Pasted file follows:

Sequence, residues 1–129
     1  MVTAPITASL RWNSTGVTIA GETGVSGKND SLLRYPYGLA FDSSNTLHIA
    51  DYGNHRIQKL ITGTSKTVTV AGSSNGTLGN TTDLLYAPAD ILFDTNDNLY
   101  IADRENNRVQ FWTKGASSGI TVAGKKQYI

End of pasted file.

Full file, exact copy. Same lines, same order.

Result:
Sequence, residues 1–129
     1  MVTAPITASL RWNSTGVTIA GETGVSGKND SLLRYPYGLA FDSSNTLHIA
    51  DYGNHRIQKL ITGTSKTVTV AGSSNGTLGN TTDLLYAPAD ILFDTNDNLY
   101  IADRENNRVQ FWTKGASSGI TVAGKKQYI